Feds Arrest Ten in First-Ever 'Bath Salts' Bust

PHOTO: Drug Enforcement Administration agents arrested ten people in an elaborate drug bust on Tuesday that spanned both coasts, and seized 2 million dollars worth of the designer drug "bath salts" over the course of a five month investigation.
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Ten people were arrested on Tuesday by federal agents and charged in the first-ever federal prosecution dealing with "bath salts," a dangerous new designer drug that has been linked to emergency room visits and deaths across the country.

The Drug Enforcement Administration said a Seattle-area supplier led the ring, and shipped the bath salts to a handful of New York City head shops. The bust was the first for a new New York-based DEA task force targeting bath salts, a group of substances sold in convenience stores and head shops that mimic the effects of cocaine or ecstasy.

"This is so new to us," said DEA spokesman Rusty Payne. "In the last year it's just taken off in the U.S. -- we've never seen anything like it."

"Bath salts are one of the latest designer drugs to reach our shores, and they have proven to be a public health and safety menace with dangerous, and sometimes deadly, consequences," said Preet Bharara, the U.S. Attorney for the Southern District of New York, where nine of the arrests were made.

"Bath salts" were the subject of a June 3rd ABC News "20/20" investigation that found that despite being linked to several deaths, bath salts have been sold in stores and online with little oversight.

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"Bath salts" have spurred approximately 2,500 calls to poison control centers nationwide since 2010, and have been connected to four deaths so far this year, including a 23-year-old Florida man and a 51-year-old woman in West Virginia.

Seattle-New York Bath Salts Ring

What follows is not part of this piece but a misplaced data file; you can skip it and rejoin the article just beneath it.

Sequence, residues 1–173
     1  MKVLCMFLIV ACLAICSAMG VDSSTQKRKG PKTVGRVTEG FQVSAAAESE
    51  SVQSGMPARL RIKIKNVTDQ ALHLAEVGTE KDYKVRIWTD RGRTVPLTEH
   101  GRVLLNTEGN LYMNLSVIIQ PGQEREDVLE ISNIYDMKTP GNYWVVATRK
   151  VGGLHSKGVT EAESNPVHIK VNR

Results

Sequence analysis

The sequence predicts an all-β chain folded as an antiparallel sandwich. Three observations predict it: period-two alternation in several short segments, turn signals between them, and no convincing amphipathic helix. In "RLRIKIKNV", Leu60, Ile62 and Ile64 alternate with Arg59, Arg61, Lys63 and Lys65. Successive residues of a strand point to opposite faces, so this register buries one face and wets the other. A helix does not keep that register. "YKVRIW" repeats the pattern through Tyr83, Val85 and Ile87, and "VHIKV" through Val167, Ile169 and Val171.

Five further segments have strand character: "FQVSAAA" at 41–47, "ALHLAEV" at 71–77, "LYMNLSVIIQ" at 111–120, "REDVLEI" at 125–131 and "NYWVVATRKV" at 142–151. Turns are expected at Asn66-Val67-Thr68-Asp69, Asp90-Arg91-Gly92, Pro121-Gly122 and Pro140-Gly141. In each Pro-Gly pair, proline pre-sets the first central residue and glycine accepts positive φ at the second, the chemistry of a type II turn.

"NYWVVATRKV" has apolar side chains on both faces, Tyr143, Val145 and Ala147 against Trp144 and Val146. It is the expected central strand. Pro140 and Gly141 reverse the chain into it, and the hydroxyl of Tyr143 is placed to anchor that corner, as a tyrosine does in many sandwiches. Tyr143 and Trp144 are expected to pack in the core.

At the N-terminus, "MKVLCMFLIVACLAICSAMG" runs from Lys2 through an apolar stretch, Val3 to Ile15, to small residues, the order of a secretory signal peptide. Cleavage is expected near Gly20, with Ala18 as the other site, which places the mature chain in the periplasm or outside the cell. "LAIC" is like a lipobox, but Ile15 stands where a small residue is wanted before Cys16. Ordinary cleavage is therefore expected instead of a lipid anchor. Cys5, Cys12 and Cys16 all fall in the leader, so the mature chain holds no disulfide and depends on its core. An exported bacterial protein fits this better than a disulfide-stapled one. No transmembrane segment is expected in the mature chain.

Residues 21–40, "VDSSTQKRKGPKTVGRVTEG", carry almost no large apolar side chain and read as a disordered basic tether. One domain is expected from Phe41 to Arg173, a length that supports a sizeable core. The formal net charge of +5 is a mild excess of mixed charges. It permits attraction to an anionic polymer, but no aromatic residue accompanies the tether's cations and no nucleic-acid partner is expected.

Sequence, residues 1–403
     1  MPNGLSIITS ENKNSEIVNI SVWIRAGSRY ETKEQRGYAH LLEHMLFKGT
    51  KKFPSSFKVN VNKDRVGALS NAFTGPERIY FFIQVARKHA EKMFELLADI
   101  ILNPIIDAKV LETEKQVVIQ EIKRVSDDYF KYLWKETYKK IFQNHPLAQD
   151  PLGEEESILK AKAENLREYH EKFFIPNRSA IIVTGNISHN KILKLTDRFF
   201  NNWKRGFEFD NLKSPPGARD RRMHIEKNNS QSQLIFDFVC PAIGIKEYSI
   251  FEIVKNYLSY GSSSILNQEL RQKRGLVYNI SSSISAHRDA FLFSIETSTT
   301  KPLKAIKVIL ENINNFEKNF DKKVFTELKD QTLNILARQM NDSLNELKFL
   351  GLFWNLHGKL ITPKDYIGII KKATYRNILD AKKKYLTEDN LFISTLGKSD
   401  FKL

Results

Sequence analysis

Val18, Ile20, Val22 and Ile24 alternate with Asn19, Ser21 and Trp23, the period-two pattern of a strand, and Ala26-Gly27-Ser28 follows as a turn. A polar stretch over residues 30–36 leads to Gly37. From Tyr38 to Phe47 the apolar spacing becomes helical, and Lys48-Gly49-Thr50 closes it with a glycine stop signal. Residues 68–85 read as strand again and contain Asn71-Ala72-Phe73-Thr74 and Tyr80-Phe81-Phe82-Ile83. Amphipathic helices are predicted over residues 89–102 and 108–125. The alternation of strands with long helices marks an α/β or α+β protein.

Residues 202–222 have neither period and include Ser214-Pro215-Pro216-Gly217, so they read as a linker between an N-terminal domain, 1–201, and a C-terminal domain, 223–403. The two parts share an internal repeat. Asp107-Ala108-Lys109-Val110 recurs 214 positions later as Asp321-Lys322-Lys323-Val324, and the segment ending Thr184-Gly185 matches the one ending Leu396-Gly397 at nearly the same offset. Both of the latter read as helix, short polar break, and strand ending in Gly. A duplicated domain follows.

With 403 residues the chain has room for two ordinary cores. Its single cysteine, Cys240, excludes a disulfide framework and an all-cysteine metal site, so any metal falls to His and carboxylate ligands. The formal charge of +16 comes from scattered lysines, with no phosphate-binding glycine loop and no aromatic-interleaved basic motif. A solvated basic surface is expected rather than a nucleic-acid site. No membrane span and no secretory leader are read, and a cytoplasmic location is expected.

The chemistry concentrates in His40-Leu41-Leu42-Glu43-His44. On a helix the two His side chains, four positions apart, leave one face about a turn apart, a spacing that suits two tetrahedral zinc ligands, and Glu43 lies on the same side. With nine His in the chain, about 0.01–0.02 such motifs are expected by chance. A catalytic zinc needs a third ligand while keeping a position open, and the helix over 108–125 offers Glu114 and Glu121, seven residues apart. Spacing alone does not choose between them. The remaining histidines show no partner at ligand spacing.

The 26-year-old who authorities say is the "bath salt" ring's supplier, Miguel Ashby, was arrested in Washington state, and charged with distribution of controlled substances. If convicted he could serve 20 years in prison.

Ashby operated his company, Ascension Therapeutics, out of the Seattle area, according to a criminal complaint filed Tuesday in Manhattan federal court. He ordered MDPV, a drug commonly used in bath salts, over the internet from China, the complaint said. MDPV is a chemical designed to mimic the effects of the illegal drug ecstasy. Ashby would package the MDPV and distribute the products to the other nine defendants in the case, according to the complaint. His website was live at the time this story was published, offering bath salts for sale online. The home page reads, "Relieve your stress today!"

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The other nine defendants were employed at New York City head shops, including Addiction NYC, Tattoo Heaven, Crazy Fantasy Tattoo, and Smoking Culture, and were arrested on charges related to either distribution of controlled substances, receipt of misbranded drugs, or delivery of misbranded drugs.

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One of the head shop employees arrested Tuesday told an undercover agent buying bath salts he would get an "amazing high," according to the complaint.

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